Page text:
1. Frontier Gentleman: “The Belle Siddons Saga” — An Old Time Radio Classic!

Listen to These Programs:  Frontier Gentleman: The Gambling Lady   ~  Frontier Gentleman: Belle Siddons Encore   ~   Frontier Gentleman: Belle Siddons Strikes Back   ~   Frontier Gentleman: The Last of Belle Siddons

For our Show #1 we played four episodes of Frontier Gentleman. All four were episodes in The Saga of Belle Siddons, a true historic figure in the Old West.  These episodes are a great deal of fun.  Who was Belle Siddons?  The following article will shed some light:

DEADWOOD - The faro queen of the early days of Deadwood was as pretty a girl as ever dealt cards across a gambling layout.  She was also as high born a lady as ever sacrificed her all for the cause of the Old South.  In Black Hills history she was known by her nom-de-plume, Madam Vestal.

In Deadwood Madam Vestal operated her own gaming room.  With a knowledge of refinement she furnished her den with a luxurious taste. In this setting the flawlessly groomed beauty, artfully jeweled and gowned, was hostess to a select clientele.  


Frontier Gentleman - The Belle Siddons Saga

Belle Siddons, aka Madame Vestal ***** courtesy of http://lastoftheplainsmen.freeforums.org/

Madam's establishment became the talk of the gulch and her personal technique the envy of every other gambler and entertainer in the old west. 

She never spoke of her past or denied that she was a young widow making her way in the world.  Such rumors won her sympathy.  Generous hearted patrons did not mind losing their bank roll to the lady of the faro game. They boasted of their losses, as if loosing to Madam Vestal was an honor.

In a way it was --- for in 1877 Madam Vestal could out charm any imported girl in any theater or dance hall.

Frontier Gentleman starring John Dehner

John Dehner who plays J.B. Kendall

Who she was, what she was, and the part that Deadwood played in her rise to power and eventual down fall was a thing of legend.  She revealed much about herself when, as a degraded outcast, she thought she was about to die.  All her life she had been slightly boastful and over confident of her powers to outwit others.  Eventually it was this trait that led to her last confession.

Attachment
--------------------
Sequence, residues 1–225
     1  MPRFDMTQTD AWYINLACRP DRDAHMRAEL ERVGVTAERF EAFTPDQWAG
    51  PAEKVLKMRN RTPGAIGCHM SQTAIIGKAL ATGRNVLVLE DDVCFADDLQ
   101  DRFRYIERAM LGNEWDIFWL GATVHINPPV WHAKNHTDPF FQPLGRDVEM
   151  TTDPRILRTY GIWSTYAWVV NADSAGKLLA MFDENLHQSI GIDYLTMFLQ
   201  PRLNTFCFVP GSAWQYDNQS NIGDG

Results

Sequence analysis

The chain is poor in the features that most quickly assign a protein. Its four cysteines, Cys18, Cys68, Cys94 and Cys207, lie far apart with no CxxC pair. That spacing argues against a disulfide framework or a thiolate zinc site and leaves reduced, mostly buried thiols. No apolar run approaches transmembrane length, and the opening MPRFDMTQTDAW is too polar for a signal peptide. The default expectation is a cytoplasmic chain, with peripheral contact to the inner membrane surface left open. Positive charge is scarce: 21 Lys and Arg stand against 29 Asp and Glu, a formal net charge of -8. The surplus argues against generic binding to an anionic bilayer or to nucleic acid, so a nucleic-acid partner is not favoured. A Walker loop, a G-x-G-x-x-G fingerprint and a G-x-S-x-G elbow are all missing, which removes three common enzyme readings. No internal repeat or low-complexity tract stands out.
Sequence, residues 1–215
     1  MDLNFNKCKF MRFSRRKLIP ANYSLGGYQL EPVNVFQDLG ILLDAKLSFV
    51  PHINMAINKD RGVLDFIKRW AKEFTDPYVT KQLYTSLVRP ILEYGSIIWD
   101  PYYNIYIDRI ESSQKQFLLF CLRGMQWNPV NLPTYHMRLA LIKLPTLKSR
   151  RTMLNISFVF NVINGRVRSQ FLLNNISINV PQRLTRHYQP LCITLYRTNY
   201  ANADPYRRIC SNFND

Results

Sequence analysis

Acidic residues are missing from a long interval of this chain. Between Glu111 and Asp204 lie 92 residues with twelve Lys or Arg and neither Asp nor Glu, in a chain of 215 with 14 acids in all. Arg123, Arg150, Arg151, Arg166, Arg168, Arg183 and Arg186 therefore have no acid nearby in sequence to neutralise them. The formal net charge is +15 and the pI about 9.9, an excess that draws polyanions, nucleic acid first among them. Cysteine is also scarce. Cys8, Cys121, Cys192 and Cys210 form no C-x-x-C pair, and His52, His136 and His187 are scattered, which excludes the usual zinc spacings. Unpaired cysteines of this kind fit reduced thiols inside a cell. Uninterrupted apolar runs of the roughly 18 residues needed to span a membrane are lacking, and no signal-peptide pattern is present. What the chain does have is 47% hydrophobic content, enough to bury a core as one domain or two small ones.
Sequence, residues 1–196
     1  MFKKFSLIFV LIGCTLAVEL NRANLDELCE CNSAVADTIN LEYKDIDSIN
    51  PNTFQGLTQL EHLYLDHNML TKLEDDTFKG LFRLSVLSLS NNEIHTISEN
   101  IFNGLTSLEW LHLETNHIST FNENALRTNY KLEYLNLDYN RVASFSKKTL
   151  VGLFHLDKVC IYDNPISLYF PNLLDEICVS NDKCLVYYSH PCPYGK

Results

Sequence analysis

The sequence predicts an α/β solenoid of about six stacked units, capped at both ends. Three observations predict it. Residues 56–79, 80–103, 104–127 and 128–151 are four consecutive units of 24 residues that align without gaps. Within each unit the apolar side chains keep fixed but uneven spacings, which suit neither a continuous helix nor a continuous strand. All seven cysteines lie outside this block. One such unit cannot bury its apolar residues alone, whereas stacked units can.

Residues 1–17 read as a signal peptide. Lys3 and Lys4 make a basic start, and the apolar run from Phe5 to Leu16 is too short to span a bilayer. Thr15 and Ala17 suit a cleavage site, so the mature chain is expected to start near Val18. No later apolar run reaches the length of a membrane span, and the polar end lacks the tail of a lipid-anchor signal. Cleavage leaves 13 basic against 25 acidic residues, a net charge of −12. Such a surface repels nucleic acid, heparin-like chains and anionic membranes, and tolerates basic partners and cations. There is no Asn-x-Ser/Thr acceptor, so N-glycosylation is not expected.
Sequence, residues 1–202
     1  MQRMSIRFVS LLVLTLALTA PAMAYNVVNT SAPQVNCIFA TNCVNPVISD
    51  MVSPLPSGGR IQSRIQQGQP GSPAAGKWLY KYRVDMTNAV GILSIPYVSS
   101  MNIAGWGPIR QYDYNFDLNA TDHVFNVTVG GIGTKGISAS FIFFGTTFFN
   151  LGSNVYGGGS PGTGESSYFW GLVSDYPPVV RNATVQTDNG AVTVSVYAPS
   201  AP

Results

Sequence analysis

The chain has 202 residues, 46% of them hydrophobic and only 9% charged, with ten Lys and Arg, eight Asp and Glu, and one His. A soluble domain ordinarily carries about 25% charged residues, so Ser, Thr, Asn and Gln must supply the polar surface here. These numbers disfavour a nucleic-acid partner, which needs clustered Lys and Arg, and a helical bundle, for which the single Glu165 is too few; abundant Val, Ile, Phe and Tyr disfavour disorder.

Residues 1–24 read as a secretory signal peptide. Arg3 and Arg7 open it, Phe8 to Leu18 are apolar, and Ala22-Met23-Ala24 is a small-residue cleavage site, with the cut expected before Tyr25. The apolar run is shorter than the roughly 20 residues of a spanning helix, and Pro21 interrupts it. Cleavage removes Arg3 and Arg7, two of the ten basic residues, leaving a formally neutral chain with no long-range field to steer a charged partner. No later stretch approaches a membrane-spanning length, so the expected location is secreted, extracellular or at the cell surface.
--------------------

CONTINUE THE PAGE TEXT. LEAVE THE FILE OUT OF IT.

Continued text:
She was born Belle Siddons, the daughter of a politically powerful St. Louis family.  Belle received every advantage a university at Lexington could offer and her debut into society was the climax of a busy Jefferson City social season.

With family, fortune and captivating beauty, Belle Siddons had the world in her hand. As fate would have it, however, her dreams were shattered by outbreak of the civil war.  Being a loyal southerner, Belle determined to utilize her charms to the best possible advantage.

She became a meek, bewildered, southern woman when Union forces moved into her locality. The same tender solicitude that she had used to coax boys into signing up for the Confederate Army was later employed to charm the soldiers in blue.

Belle Siddons, rode, dined, danced and attended DeBar's opera house with union officers as her escorts.  She became a Confederate Spy and boasted of how she tricked staff officers to gain information she later relayed to Generals Price and Forrest, who were attacking Grant's supply lines. 

Union Major General Samuel R. Curtis

In December, 1862, General Curtis ordered her picked up for investigation as a spy.  One of her admirers tipped Belle off and she tried to escape, but was arrested at St. Genevive with incriminating evidence in her possession, and returned to Union headquarters.

 Confident of her beauty, appeal and position in society, Belle gambled that chivalry would come to her aid.   Were the Yanks making war on women?  She defied them to shoot her like a common spy.

General Curtis ordered her held in prison. Robbed of attention and her luxurious lifestyle, Belle offered a compromise and the Union authorities accepted.  She was sent south in a prisoner exchange --- honor bound to do only hospital work for the duration of the war.

She kept that promise.  

During the reconstruction period Belle Siddons turned up once again in Jefferson City as a lobbyist.  While in Jeff City she met and married Newt Hallet of Kansas City.  The couple moved to Texas where, a few years later, Hallet died of yellow fever.

From then on Belle Siddons-Hallett transformed herself into the mysterious Madam Vestal. While she never spoke of her past she did become the faro sensation of Wichita, Ellsworth, Fort Hayes, and Cheyenne.  She endured the hardships of the trail to reach the gold camps in the Black Hills where Deadwood seems to have fired her up with a zest for dangerous living.

Frontier Gentleman - The Belle Siddons Saga

The post above is quoted from an article that appeared in the Rapid City Journal on February 20, 2005, written by Joe Koller.

Okay.  History lesson is over --- it's time to listen.  Pay special attention to the sound effects (which I discuss briefly between the episodes).  They are among the best ever crafted for any  radio program and add much depth and richness to the broadcast!​

Why not curl up in a comfortable chair and give a listen?​

Here Are the Programs You Will Hear on Show #1:


The Gambling Lady

 Date: 6/29/58 (CBS)

Starring: John Dehner


Belle Siddons Encore

Date: 8/24/58  (CBS)

Starring: John Dehner


Belle Siddons Strikes Back

Date: 8/31/58  (CBS)

Starring: John Dehner


The Last of Belle Siddons

 Date: 9/4/58 (CBS)

Starring: John Dehner

Click Below to Listen to Show #1

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